And sometimes you don't get it in practice, sometimes you don't get it in the first half. But some of the plays we gave up were just little things that we should not give up in the first half, either. But it's a matter of finding out, hey, what are they doing today to us, what are they trying, who is it, and how do I have to play the guy over the top of me and how do I beat my man.

Q. Jordan Whitehead talked earlier about how he kind of took it upon himself, blamed himself a little bit for the communication issues you guys had earlier in the season. Have you seen a big difference in the way he's been commanding that secondary, really making those calls that he has to do?
PAT NARDUZZI: Yeah, I have. Jordan can put that on his shoulders all he wants. I'll put it on my shoulders and our defensive staff, as well. That's just asking to get what we want, and ultimately it starts with the coaches and with the players, and you think they know what they're doing but they've got to overcommunicate, and since the Oklahoma State, I think we've done a much better job of not having maybe a busted coverage or an I thought you knew based on this motion that you were going to do this, but even though you think he might know, let's remind him, let's all be on the same page, at least on that half of the field as far as what we're doing.

Probably as sophisticated a passing game that you could see was last week versus Virginia. They had a good passing game. They did a lot of things with Mizzell, and I would say last week was as many different coverage checks and adjustments that we'd have to do because we treated every formation a little bit different than what we did. I'd say on a scale of 1 to 10, playing against Virginia's offense was a nine because of what they did and how they did it and where No. 4 was in their offense, and our guys did a great job.

Again, you get what you ask for, so in my opinion Jordan can put it on his shoulders, but it's on our shoulders as coaches to make sure that we're stressing what we want to get. Our kids, I've said this since my first meeting I've been here at the University of Pittsburgh, if you ask our guys to do something, they will do it. If you told them to communicate it and do it 12 times and signal it four times, they'll do it exactly 12 and 4. If you assume that they've got it and we don't emphasize exactly what we want, sometimes you're not going to get it, and that's young student-athletes across the country, I think, so it's really what are we emphasizing, what are we getting, and if you don't emphasize it, you might not get it, and that's on us as coaches.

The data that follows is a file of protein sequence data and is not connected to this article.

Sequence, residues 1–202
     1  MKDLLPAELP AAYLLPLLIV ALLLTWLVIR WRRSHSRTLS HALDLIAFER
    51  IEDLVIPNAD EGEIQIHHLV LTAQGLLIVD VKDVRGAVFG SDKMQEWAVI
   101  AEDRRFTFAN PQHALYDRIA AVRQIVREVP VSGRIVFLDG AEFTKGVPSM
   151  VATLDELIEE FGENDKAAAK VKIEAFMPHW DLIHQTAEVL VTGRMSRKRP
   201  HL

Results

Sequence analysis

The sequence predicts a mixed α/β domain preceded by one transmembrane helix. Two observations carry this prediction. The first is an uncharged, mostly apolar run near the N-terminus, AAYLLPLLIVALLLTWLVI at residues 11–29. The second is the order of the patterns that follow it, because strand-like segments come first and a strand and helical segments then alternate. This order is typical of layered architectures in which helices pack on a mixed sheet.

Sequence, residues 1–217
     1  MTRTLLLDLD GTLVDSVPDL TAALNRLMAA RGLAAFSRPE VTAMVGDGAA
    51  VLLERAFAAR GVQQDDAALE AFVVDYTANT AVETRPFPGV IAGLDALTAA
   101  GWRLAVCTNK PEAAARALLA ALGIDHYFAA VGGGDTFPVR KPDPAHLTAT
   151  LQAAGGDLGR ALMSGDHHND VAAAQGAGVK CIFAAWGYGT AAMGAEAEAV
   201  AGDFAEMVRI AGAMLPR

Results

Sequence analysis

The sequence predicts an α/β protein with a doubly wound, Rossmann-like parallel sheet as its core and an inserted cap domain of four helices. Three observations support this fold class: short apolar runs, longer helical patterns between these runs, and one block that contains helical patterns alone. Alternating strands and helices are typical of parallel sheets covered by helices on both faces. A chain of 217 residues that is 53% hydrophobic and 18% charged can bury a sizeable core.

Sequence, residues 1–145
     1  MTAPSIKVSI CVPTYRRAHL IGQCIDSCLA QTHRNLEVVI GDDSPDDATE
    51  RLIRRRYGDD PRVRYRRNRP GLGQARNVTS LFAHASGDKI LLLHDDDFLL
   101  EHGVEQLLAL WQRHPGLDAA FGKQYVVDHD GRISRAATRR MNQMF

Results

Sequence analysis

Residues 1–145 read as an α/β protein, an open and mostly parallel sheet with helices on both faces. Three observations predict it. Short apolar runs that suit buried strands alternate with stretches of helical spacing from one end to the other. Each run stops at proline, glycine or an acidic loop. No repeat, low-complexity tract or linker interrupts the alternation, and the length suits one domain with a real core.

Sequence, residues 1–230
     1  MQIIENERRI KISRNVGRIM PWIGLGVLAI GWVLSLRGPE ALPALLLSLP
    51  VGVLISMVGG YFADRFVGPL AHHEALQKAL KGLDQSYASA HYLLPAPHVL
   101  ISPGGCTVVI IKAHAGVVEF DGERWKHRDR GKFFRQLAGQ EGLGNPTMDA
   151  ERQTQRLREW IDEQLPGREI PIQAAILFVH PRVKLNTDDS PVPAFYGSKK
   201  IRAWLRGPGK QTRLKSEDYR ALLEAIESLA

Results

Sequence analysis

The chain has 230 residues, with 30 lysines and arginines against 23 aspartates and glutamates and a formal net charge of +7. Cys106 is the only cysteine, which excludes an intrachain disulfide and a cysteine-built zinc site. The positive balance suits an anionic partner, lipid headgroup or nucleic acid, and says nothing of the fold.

Q. To have the performance you did in the second half against that kind of offense, missing Avonte Maddox and Terrish Webb, do you think that could be a building block for your secondary going forward?
PAT NARDUZZI: Yeah, no question about it. I think our guys understand what they can do, and if they play with good technique -- and again, everybody -- nobody is perfect, and to be able to it without T-Webb in the second half and Avonte for the entire game, it gave Phillipie Motley a ton of success, a ton of confidence, and gave the coaches confidence in what Phillipie can do and what Dane Jackson could do the week before.

There's some good competition going on there, and we've got really four or five corners that can go out there. There's no first round corner out there right now, but we've got a lot of guys that can go out and make plays if they do things and pay attention to details.